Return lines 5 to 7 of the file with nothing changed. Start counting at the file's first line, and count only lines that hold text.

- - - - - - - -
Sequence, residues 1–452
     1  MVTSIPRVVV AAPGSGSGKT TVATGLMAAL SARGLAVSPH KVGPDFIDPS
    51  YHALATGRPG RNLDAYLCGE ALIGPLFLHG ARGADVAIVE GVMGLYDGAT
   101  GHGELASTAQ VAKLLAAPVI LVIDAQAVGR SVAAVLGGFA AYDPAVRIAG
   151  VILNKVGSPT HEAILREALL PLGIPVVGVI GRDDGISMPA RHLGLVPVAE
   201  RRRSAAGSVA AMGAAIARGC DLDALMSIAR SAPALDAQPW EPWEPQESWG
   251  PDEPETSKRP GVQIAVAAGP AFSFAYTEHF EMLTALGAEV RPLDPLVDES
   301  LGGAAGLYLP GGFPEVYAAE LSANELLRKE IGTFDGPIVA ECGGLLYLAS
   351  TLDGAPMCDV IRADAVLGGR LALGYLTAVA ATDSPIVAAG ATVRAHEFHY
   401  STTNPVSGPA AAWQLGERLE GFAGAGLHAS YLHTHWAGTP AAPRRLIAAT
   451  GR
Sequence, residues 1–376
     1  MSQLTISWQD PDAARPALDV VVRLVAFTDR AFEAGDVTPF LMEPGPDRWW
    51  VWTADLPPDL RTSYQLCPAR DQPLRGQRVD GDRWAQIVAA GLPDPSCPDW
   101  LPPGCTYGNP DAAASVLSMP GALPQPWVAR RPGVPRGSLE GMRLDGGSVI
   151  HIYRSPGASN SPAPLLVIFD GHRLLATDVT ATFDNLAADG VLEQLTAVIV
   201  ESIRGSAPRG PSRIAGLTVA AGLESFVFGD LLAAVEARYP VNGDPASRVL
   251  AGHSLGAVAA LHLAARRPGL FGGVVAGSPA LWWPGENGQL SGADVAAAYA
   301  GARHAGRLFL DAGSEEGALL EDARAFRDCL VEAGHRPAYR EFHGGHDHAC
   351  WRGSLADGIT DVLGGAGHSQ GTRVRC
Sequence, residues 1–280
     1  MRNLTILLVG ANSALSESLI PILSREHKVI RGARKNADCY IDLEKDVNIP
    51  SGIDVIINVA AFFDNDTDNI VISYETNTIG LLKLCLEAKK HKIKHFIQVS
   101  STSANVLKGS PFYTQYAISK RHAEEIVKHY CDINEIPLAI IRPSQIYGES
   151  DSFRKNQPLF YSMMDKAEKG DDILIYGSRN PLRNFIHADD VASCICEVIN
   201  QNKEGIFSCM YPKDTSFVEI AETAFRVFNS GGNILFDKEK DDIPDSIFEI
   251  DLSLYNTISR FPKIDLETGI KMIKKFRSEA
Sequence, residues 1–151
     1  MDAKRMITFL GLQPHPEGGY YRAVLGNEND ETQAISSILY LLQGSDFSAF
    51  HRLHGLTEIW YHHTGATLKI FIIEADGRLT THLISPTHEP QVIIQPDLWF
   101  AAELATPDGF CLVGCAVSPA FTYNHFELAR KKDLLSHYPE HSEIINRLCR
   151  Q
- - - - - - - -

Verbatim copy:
   151  VILNKVGSPT HEAILREALL PLGIPVVGVI GRDDGISMPA RHLGLVPVAE
   201  RRRSAAGSVA AMGAAIARGC DLDALMSIAR SAPALDAQPW EPWEPQESWG
   251  PDEPETSKRP GVQIAVAAGP AFSFAYTEHF EMLTALGAEV RPLDPLVDES